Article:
“Luckies”

By Reginald Gibbons b. 1947 Reginald Gibbons
The loop of rusty cable incises   
its shadow on the stucco wall.   
My father smiles shyly and takes   
one of my cigarettes, holding it

awkwardly at first, as if it were
a dart, while the yard slowly
swings across the wide sill of daylight.   
Then it is a young man’s quick hand

that rises to his lips, he leans against the wall,   
his white shirt open at the throat,
where the skin is weathered, and he chats   
and daydreams, something he never does.

Smoking his cigarette, he is even   
younger than I am, a brother who   
begins to guess, amazed, that what   
he will do will turn out to be this.

He recalls the house he had
when I was born, leaning against it   
now after work, the pale stucco
of memory, 1947.

Baby bottles stand near the sink inside.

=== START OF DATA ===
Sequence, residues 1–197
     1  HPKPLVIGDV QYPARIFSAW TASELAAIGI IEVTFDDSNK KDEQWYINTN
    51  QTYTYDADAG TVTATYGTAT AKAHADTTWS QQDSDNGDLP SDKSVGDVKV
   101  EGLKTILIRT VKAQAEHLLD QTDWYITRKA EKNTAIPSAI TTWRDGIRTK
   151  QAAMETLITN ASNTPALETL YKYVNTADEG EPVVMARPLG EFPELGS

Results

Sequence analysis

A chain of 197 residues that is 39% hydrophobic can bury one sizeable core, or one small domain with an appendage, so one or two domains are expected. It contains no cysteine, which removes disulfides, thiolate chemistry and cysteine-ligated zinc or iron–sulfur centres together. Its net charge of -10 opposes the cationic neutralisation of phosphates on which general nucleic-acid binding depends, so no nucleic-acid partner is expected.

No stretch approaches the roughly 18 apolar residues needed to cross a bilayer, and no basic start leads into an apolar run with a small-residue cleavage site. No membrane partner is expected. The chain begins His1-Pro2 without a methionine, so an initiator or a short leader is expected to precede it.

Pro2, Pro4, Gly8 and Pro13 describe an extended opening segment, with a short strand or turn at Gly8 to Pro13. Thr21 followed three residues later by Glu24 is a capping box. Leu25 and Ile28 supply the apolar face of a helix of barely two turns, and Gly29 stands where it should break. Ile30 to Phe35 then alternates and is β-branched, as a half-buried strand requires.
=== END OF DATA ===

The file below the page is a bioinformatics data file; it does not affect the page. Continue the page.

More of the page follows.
The new wire of the telephone, dozing   
in a coil, waits for the first call.
The years are smoke.

Reginald Gibbons, “Luckies” from The Ruined Motel. Copyright © 1981 by Reginald Gibbons. Reprinted with the permission of Houghton Mifflin Company. All rights reserved.

Source: The Ruined Motel (Houghton Mifflin Harcourt, 1981)

Discover this poem’s context and related poetry, articles, and media.

Poet Reginald Gibbons b. 1947

POET’S REGION U.S., Midwestern

Subjects Living, Coming of Age, Youth, Parenthood

Poetic Terms Free Verse

 Reginald  Gibbons

Biography

Born and raised in Houston, Reginald Gibbons earned his BA in Spanish and Portuguese from Princeton University, and both his MA in English and creative writing and his PhD in comparative literature from Stanford University.

Gibbons is the author of more than half a dozen collections of poetry, including Sparrow: New and Selected Poems (1997), winner of the Balcones Poetry Prize, and Creatures of a Day (2008), finalist for the . . .

Continue reading this biography

Poem Categorization

SUBJECT Living, Coming of Age, Youth, Parenthood

POET’S REGION U.S., Midwestern

Poetic Terms Free Verse

Report a problem with this poem

Originally appeared in Poetry magazine.

This poem has learning resources.

This poem is good for children.

This poem has related video.

This poem has related audio.